The Moon is re-emerging as a focus for global space exploration activities at a level and tempo that will surpass the peak of lunar activities during the space race of the 1960s and 1970s. Governments and commercial entities . . .
Hiring in more than a dozen nations continued to escalate in 2020 despite the pandemic. A snapshot of key workforce data follows. Analysis of trends in the global space workforce provides insight into the current and future health of the space sector.
Between 2011 and 2021, commercial business in the global space industry experienced profound changes in the small satellite (SmallSat) sector. In less than 10 years, an ecosystem expanded, catering to commercial SmallSat operators. The sector . . .
The global space economy reached a new high of nearly $447 billion in 2020, an increase of 4.4% from a revised 2019 figure of $428 billion. The 2020 figure is 50% greater than a decade ago, and 176% greater than . . .
The Japan Aerospace Exploration Agency (JAXA) employed 1,558 people in 2020, approximately the same number as in 2019. Engineers and researchers account for 70.1% of this total.
According to the Society of Japanese Aerospace Companies, the Japanese space workforce included 8,725 workers in 2019. . . More than 70% of these workers are in the space vehicle sector. While this sector decreased 1.9% from 2018 to 2019, it remains nearly 10% larger than it was five years ago.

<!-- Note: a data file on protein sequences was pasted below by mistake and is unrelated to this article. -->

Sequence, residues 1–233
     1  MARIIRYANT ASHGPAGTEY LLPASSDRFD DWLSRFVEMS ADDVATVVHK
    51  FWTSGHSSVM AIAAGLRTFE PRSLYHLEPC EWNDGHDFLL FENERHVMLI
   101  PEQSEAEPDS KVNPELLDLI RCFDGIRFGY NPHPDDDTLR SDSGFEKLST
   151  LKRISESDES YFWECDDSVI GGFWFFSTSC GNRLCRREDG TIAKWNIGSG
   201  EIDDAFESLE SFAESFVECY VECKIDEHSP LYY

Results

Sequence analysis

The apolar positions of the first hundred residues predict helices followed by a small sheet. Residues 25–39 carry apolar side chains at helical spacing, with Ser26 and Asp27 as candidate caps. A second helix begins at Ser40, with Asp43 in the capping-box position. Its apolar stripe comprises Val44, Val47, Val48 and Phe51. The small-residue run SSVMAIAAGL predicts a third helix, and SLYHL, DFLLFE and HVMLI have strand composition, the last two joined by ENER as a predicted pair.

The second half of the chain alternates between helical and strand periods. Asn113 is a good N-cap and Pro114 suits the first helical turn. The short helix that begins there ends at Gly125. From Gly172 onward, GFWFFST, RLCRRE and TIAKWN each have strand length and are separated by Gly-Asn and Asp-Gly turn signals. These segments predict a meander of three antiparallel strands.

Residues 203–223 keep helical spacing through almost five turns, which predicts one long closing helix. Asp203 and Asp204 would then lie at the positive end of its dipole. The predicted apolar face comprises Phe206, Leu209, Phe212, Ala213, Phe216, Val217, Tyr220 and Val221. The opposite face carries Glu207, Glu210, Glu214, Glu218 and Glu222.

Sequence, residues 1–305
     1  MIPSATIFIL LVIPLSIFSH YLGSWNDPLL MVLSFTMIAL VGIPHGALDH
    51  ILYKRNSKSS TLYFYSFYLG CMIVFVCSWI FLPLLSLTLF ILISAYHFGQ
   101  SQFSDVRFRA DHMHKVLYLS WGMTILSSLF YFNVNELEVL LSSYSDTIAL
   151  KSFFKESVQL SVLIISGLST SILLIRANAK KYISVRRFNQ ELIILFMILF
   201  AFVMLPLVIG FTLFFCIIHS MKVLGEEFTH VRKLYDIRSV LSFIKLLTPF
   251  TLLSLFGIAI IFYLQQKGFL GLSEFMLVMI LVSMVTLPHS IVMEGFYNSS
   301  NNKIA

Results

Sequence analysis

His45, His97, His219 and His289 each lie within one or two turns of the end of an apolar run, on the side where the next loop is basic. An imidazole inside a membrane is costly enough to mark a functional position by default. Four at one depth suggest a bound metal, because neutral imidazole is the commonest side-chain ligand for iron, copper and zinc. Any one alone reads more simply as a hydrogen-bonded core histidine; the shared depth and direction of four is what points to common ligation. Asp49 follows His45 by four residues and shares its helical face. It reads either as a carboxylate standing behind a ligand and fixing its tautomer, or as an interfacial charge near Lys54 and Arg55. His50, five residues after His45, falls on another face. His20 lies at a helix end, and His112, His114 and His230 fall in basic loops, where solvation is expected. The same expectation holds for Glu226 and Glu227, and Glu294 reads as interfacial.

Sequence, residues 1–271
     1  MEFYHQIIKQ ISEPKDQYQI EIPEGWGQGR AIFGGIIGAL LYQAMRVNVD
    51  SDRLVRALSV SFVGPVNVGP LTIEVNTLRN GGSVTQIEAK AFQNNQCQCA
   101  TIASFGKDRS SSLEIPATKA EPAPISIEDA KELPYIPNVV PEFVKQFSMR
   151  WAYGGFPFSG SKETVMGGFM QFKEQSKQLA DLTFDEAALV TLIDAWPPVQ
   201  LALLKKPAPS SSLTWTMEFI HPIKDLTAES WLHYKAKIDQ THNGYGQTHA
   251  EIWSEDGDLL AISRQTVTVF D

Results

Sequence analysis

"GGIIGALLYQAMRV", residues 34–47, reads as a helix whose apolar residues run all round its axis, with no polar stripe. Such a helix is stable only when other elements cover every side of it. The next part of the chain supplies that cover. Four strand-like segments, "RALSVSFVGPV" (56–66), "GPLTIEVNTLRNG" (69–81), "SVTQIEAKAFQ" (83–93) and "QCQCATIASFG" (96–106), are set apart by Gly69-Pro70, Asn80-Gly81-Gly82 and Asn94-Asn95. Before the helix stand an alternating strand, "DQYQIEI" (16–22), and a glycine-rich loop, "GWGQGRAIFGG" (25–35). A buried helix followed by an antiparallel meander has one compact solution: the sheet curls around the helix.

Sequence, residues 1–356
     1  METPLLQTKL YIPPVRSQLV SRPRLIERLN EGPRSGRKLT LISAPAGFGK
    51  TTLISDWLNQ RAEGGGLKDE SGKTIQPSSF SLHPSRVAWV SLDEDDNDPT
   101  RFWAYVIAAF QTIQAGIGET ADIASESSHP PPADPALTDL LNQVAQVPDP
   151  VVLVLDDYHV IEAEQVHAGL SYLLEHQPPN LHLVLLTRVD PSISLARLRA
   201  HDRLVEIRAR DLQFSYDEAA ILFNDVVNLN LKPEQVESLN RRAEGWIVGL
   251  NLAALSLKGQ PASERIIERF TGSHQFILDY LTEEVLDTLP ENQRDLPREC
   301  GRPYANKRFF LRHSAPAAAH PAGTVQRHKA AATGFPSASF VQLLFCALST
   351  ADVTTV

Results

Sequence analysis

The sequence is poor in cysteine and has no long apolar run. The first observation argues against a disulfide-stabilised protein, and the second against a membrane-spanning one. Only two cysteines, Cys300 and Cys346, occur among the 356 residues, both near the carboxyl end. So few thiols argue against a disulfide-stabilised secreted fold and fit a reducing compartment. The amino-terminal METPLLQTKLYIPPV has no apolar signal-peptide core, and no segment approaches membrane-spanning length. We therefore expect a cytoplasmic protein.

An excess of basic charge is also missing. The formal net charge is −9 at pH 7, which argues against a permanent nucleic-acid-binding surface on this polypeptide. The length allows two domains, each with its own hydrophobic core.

At the end of Q2, U.S.-listed companies comprised 77.35% of the weight of the overall index, with France in second place at 9.94%, followed by Canada at 4.98%, Japan at 3.99%, the Netherlands at 2.62%, and Italy at 1.12%. Israel is not formally included because Gilat (4.5% of the index weight) is listed on Israeli and U.S. exchanges, and the U.S. listing is used for the index due to higher trading activity.
As with so many industries around the world in 2020, the coronavirus pandemic brought disruption and change to the global space industry. Despite setbacks, hiring in many nations continued to escalate. Analysis of trends in the global space. . .
Since Yuri Gagarin’s orbital flight around the Earth in April 1961, humans in pioneering new technologies and pushing the limits of what’s considered possible. This year ushered in a new era of human spaceflight when SpaceX became the first . . .